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Bill Gates' Letter To Steve Jobs

Rajesh , 2788
06/04/2016






There were undoubtedly good times and bad times shared over the years between the two rival techgurus, Steve Jobs and Bill Gates

Both were directly involved to bringing technology to its exceptional current state. Whilst the fiery Jobs had much to say of Microsoft-founding rival, there was always a mutual respect, which later on in Jobs’ life, blossomed into something similar to a friendship.

Both were young and highly ambitious when progressing with their respective companies back in the 70’s. Not known for mincing his words, Jobs, in his biography has openly called Gates “unimaginative”, describing him as someone who has “never invented anything”. He concluded that Gates “shamelessly stole other people’s ideas”.

When Gates discovered the implications about Jobs’ falling health he wrote him a rather poignant letter. “I told Steve about how he should feel great about what he has done and the company he has built. I wrote about his kids, whom I have got to know…….There was no peace to make. We were not at war. We made great products, and competition was always a positive thing. There was no cause for forgiveness.”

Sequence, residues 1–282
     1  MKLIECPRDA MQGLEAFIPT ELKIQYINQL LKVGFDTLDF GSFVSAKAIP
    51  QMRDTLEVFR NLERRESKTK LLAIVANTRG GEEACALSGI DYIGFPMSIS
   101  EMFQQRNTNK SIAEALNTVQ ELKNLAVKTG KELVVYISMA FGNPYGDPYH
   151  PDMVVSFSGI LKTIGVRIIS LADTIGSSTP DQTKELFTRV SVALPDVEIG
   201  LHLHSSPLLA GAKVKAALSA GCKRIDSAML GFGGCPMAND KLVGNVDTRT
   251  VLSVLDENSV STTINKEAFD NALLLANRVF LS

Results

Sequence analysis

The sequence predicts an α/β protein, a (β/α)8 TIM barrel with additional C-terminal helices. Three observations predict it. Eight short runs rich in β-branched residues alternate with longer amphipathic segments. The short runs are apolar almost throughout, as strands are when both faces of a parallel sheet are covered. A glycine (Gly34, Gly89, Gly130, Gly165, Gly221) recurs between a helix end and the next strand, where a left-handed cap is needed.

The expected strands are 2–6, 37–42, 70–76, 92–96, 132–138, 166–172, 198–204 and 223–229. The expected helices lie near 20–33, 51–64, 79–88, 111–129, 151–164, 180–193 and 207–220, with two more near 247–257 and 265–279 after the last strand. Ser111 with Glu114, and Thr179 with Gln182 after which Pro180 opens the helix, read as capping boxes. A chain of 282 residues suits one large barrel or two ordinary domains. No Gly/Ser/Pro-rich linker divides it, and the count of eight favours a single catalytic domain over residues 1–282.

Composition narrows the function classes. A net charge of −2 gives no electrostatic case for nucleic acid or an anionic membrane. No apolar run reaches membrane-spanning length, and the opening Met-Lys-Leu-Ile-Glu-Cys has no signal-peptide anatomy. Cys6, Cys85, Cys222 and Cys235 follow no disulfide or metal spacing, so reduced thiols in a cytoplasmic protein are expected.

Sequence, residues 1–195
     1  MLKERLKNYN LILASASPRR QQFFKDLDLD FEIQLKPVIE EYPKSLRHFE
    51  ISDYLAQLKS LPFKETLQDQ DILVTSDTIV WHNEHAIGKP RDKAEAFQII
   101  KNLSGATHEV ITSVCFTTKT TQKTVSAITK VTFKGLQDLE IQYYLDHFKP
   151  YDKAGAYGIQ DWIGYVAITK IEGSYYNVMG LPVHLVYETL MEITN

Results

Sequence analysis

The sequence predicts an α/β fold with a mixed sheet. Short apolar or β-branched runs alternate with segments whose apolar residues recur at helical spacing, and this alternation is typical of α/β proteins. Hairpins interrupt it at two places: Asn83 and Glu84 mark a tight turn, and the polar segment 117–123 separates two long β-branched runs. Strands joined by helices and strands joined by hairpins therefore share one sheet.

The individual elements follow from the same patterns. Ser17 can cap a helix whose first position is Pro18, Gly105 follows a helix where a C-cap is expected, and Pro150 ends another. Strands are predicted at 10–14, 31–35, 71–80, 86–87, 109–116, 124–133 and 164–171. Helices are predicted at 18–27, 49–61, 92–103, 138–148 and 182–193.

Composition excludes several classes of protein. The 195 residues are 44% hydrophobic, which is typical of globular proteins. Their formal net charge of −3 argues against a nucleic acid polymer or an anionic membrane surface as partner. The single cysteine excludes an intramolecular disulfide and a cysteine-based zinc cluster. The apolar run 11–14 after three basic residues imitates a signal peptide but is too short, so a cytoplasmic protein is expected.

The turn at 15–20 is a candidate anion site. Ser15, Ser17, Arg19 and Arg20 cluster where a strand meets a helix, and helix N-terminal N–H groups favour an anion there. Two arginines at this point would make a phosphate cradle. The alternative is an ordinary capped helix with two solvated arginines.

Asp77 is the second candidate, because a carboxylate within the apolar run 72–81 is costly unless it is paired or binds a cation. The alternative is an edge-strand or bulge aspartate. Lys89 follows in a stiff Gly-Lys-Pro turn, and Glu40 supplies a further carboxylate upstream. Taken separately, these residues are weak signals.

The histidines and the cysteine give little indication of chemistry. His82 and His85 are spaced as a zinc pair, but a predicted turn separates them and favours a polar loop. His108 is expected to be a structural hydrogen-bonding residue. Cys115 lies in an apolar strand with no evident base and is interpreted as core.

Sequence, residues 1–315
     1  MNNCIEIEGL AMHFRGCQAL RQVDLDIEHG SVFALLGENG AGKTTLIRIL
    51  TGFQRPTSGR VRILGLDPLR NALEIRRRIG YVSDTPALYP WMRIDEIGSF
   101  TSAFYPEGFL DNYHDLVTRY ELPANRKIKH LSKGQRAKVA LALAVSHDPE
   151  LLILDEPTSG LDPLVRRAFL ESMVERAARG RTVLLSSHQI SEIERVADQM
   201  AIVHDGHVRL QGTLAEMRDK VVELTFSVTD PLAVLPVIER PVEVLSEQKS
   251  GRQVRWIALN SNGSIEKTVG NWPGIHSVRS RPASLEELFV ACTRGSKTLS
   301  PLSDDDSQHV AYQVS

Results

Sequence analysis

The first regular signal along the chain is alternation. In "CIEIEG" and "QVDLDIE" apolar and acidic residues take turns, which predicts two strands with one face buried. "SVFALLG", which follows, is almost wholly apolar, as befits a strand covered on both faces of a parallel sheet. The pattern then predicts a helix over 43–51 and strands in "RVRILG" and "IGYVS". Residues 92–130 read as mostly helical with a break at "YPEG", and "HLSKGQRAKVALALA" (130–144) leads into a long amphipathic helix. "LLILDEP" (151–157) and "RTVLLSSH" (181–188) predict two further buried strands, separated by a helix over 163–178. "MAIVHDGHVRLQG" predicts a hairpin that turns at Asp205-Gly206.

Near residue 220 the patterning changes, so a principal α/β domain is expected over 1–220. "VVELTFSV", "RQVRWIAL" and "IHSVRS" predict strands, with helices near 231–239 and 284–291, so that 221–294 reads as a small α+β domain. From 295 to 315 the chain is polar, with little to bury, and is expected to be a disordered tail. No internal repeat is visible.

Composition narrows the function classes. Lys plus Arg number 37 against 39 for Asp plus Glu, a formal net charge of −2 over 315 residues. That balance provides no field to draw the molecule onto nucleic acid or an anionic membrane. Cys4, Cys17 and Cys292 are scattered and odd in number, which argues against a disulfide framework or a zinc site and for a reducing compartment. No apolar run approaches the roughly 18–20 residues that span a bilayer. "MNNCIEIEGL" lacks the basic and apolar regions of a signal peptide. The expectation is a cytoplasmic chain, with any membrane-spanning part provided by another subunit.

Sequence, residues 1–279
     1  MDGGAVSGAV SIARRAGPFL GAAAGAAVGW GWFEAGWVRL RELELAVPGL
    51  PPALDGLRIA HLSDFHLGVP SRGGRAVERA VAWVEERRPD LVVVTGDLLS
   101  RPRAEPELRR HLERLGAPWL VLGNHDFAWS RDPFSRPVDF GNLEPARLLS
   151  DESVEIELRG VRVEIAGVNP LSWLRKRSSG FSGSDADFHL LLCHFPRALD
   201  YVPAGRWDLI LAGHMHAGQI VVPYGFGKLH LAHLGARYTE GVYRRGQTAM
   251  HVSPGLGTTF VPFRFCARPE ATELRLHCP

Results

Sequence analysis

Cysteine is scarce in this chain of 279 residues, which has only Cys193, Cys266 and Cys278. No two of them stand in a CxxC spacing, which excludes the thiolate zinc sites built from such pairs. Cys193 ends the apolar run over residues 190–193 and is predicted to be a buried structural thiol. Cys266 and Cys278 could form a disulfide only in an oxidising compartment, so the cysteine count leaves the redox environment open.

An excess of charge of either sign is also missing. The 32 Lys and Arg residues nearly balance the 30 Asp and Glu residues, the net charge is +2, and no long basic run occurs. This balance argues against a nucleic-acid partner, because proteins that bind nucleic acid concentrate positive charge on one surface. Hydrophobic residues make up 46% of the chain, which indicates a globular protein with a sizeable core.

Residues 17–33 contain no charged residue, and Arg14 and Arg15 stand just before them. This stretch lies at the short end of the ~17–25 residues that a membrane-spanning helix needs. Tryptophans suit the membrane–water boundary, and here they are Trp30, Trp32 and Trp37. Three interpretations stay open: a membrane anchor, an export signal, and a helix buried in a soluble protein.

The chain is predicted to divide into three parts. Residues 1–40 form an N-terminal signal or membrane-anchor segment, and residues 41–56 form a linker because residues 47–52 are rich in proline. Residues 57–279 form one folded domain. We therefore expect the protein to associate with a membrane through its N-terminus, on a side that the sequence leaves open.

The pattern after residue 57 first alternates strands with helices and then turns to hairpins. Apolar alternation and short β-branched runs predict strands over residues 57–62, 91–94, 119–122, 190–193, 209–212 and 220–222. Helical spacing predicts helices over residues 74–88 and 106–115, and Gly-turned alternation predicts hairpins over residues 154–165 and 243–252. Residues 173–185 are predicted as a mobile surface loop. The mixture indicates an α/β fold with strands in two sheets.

After Jobs’ passing in October 2011, Gates was called by Jobs’ wife Laurence Powell, who thanked him for the letter and suggested that her husband’s biography didn’t accurately portray the respect between the two.

Mr. Gates went on to heap praise on his former rival, continuing:

“Steve was an incredible genius who contributed immensely to the field I was in. We had periods like the early Macintosh, when he had more people working on it than they did today. And we were competitors. The personal computers I worked on had a vastly higher market share than Apple until really the last five or six years, where Steve has very good achievement, and we enjoyed each other’s work. He spent a lot of his time competing with me. There are lots of times when Steve said critical things about me. If you took the more harsh examples, you could get quite a litany.”

There’s a saying “best of friends, keenest of rivals” and whilst both were never what you would describe as best friends, and while some of the things said, particularly by Jobs, were somewhat defamatory, both did acknowledge the achievements of the other.






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Rajesh , 2788
06/04/2016